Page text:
Tamaki Sato of the Canadian Museum of Nature in Ottawa and her colleagues analyzed dinosaur remains recovered from the Jiangxi province of China. The pelvic and leg fragments are from a dinosaur, which probably measured between 10 and 13 feet, belonging to a group known as the oviraptorosaurians. The larger egg is nearly 18 centimeters long and between six and eight centimeters wide, the team reports, but its similarity in size to the other egg suggests that the creature's two oviducts each produced an egg simultaneously. Modern female birds can only produce one egg at a time because they have only one ovary and oviduct. The laying of the eggs, however, appears to have been distinctly birdlike. Scientists had previously discovered dinosaur nests from the same time period that contained up to 15 eggs. That, together with the positioning of the eggs, suggests to the researchers that the dinosaurs would have repeated the egg-laying process a number of times to attain a full clutch just as modern birds do. Reptiles, in contrast, lay their entire clutch at once.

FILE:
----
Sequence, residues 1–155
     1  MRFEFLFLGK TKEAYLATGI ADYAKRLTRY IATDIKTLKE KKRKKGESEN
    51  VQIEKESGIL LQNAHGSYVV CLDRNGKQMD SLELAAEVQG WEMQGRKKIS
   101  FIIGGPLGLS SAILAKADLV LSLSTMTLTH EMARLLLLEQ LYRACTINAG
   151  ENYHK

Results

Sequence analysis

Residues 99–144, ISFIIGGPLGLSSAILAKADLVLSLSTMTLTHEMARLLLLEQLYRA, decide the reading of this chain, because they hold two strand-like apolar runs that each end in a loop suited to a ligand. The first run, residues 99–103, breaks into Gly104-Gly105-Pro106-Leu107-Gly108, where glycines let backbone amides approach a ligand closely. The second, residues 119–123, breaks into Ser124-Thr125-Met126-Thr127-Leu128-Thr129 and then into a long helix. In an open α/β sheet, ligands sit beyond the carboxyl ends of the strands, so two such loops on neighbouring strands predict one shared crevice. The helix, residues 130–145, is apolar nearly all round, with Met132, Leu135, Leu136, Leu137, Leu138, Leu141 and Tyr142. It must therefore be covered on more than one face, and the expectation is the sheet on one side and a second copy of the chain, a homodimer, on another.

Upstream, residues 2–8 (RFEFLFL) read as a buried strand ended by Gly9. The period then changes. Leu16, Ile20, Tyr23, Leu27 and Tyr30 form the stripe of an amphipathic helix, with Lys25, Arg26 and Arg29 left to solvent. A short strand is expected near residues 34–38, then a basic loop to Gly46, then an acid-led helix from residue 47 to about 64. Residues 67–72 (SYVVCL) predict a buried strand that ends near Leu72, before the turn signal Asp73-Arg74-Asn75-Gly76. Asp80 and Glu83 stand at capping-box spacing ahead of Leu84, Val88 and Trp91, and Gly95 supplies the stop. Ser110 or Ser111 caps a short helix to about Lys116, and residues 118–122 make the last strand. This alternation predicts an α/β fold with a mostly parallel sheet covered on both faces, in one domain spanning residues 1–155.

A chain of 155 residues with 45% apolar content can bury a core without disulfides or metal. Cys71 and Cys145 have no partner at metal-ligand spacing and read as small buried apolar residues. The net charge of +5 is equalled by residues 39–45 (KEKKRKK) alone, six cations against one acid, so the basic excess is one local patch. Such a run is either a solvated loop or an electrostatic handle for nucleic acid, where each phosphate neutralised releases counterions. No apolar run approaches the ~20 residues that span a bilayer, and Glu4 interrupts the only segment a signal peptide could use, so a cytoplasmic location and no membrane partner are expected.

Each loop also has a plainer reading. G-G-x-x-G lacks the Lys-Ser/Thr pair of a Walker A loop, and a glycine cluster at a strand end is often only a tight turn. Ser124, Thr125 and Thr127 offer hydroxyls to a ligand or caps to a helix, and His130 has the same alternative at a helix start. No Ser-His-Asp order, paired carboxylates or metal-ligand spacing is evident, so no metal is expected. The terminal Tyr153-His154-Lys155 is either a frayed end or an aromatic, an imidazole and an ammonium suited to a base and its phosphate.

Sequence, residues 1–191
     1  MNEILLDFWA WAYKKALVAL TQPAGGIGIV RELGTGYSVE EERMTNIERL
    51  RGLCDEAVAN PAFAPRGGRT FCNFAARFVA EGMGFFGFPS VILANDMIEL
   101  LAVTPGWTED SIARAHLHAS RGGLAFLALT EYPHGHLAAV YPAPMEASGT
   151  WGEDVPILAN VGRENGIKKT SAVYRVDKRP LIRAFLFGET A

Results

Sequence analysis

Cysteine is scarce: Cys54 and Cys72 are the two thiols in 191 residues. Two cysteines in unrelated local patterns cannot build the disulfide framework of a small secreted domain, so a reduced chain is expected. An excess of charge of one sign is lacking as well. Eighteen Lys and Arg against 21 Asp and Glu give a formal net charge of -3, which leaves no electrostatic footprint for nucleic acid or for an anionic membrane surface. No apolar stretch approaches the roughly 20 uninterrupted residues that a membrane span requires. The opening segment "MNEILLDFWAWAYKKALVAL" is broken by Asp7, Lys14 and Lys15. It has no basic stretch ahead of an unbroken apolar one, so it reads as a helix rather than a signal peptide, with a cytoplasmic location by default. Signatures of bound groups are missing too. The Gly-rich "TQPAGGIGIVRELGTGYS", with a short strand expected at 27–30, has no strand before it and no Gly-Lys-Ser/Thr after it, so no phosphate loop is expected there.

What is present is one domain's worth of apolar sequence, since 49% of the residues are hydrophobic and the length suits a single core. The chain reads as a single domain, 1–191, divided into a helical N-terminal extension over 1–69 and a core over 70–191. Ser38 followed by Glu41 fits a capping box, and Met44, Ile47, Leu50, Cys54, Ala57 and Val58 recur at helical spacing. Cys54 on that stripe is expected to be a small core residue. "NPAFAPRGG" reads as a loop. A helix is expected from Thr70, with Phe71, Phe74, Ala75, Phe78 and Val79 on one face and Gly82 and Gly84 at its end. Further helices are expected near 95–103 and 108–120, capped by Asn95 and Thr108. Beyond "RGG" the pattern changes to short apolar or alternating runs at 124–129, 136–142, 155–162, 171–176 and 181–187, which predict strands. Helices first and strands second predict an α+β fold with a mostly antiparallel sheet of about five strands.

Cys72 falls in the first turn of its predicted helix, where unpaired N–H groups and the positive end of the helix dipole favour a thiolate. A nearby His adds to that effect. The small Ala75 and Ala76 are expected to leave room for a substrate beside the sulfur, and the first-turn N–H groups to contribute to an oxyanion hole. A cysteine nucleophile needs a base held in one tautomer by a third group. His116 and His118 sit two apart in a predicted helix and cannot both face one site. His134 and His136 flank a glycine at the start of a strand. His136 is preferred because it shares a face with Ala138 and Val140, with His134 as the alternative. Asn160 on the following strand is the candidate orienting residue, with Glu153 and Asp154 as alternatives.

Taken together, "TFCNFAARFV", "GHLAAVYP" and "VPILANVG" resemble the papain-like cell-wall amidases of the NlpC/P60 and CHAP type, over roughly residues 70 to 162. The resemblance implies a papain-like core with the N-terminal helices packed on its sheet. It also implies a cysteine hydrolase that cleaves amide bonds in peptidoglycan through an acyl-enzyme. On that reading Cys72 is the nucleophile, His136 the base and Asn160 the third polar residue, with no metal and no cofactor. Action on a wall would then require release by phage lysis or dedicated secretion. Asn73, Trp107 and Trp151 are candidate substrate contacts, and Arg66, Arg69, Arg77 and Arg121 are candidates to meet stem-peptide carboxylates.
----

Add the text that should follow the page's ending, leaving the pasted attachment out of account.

The results provide further evidence that dinosaurs share some aspects of reproductive behavior with birds, strengthening the belief that modern birds are their descendants. In addition, the find helps explain why the eggs in other oviraptorosaurian nests appeared to be arranged in pairs. The authors conclude that this configuration most likely arose because the eggs were laid nearly simultaneously and not because the parents manipulated the eggs.